Baseball’s Winter Meetings begin December 10 in Orlando, and as the Cardinals try to form the foundation of a team that returns to the playoffs and hopefully the World Series in 2018, there are substantial differences in the game from when they last won that they need to be ready for.
Tim Kurkjian said it best on 101 ESPN during the post-season; this is now a game of home runs and strikeouts. Yes, you need to play good defense, run the bases well, and be able to close out games. The reason those are called fundamentals is that they are fundamental to a team’s success. Recent teams have won with offenses that didn’t hit a ton of home runs (the 2015 Royals, who were 24th in MLB with 139) or that didn’t have a pitching staff that accumulated high strikeout totals (those same Royals, who were 22nd in strikeouts, or the 2014 Giants, who were 21st in the majors).
But the game has changed in a hurry. The proliferation of relievers used in the post-season has changed the way managers manage.
The Cardinals need to work this off-season to enhance the depth of their bullpen, preferably with someone capable of getting the 27th out in wins every night. Additionally, this year’s World Series combatants, Houston and the Dodgers, were second and eleventh in home runs in MLB (Houston second in the AL with 238, the Dodgers fifth in the NL with 221), and second and fifth in strikeouts (Houston was second in the AL, L.A. was first in the NL). In 2016, the NL Champion Cubs were fifth in home runs and second in strikeouts, and the AL Champion Indians were first in strikeouts, which allowed them to overcome their number ten ranking in home runs.
With that being the backdrop of what winning teams look like, the Cardinals appear to be following that lead. After leading the National League with 225 homers in 2016, they fell off by 29 this year and were eighth in the circuit. After Carlos Martinez’ 217 K’s, which was fourth in the league, the next most by a Cardinal was Michael Wacha’s 158, and that was 20th. Then there was a major drop-off to Lance Lynn, the deposed Mike Leake and Adam Wainwright, resulting in St. Louis being sixth in strikeouts in the NL.
Among potential 2018 starters that haven’t pitched a full Major League season, Luke Weaver struck out 72 in sixty and a third innings with the Cards last season (he was nearly a strikeout an inning guy in the minors) and the pre-injury Alex Reyes struck out 52 in 46 innings after coming up in 2016. In his minor league career, Reyes struck out 449 in 334.1 innings. Late season callup Jack Flaherty was nearly a strikeout an inning guy in the minors, too. As the Redbirds watched Leake and see Lynn depart, those pitchers will be replaced by young, power, strikeout arms.
The Cardinals appear to have figured out the pitching side of winning in this generation. They need their young pitchers…not only here but in the system…to ascend to the level of dependable major league power pitchers.
The offensive power issue isn’t as easy. While the Cardinals have had balance in the home run department the last two years, they haven’t had that feared guy. When they led the league in home runs a couple of seasons ago, Jedd Gyorko topped the team with 30. Brandon Moss had 28, Randal Grichuk 24, Stephen Piscotty 22, Matt Carpenter 21 and Matt Holliday 20. With all due respect, none of those guys strike fear into the hearts of opposing pitchers.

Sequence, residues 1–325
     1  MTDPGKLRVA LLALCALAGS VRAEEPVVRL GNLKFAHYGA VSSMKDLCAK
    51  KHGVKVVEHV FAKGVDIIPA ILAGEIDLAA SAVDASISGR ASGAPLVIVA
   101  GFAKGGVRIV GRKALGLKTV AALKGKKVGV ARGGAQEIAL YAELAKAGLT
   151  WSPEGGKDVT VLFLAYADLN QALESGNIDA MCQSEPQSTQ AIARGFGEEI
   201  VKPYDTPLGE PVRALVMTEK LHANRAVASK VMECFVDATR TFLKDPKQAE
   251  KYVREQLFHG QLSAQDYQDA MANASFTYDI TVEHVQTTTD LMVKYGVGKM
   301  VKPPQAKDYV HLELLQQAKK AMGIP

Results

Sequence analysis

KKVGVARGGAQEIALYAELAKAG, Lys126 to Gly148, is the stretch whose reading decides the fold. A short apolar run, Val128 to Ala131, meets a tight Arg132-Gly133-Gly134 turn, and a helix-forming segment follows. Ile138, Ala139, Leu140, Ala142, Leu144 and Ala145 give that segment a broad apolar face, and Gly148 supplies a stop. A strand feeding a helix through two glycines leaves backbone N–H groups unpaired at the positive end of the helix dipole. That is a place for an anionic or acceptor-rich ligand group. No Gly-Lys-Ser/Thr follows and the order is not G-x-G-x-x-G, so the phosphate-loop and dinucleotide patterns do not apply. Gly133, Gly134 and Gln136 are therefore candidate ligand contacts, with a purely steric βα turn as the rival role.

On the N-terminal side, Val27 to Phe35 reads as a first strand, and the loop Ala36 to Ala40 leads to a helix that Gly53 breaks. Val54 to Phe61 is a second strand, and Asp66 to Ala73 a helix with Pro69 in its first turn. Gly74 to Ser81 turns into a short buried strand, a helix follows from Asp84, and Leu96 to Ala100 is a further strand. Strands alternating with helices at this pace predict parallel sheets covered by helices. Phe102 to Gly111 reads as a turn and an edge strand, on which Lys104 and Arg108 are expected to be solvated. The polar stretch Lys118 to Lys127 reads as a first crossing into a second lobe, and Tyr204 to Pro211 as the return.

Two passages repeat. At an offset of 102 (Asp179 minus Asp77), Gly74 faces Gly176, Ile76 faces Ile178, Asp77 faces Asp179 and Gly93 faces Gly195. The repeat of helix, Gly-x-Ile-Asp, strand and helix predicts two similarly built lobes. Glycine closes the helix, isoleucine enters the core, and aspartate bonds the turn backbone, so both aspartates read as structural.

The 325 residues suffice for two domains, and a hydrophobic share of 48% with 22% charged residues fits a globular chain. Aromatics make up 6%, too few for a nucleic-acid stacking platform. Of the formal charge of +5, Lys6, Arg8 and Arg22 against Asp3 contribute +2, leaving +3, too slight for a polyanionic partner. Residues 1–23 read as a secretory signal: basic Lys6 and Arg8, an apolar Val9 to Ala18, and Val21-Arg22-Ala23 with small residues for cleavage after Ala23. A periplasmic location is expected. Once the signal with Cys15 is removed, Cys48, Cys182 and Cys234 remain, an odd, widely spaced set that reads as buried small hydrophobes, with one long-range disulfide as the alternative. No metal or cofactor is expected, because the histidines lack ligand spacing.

This year, Paul DeJong led the team with 25, Carpenter and Tommy Pham had 23, Grichuk 22 and Gyorko 20.
When you look at the World Champion Astros with George Springer, Jose Altuve and Carlos Correa…those are guys that pitchers don’t want anything to do with. Along with their home run power, they can slug. The Dodgers have Cody Bellinger, Yasiel Pug, Corey Seager and Justin Turner…all hitters that provide an element that pitchers want to avoid.
The team the Cards are chasing in the NL Central, the Cubs, have Kris Bryant and Anthony Rizzo, along with home run hitters like Willson Contreras, rookie Ian Happ and Addison Russell. If you look at most winning teams, they have at least TWO impact hitters, if not more. Remember the Cardinals’ MV3 in the mid 2000’s?
Carpenter has proven himself to be a terrific leadoff hitter. Pham served the team exceptionally well in the two slot, but the Redbirds missed that feared element in the third and fourth spots in 2017. To get to the level of the elite teams in baseball, they need find themselves some sluggers.
Trading for an MVP bat like Giancarlo Stanton would go a long way toward getting the Cardinals to that status, but even if they can pull that off, they need to make sure they mirror the best teams in baseball. Heck, they might be better off making a move for free agents like Eric Hosmer or Mike Moustakas, keeping an eye on the availability of the Marlins’ Christian Yelich or Marcel Ozuna, and not giving up on Toronto’s Josh Donaldson.
If indeed Kurkjian is right, and baseball has become a sport of pitchers that strike guys out and hitters that hit home runs, the Cardinals can compete with their young power arms. But to be a championship contender, they’re going to have to come out of this off-season…hopefully the Winter Meetings in two weeks…with another reliever and not just one hitter, but two.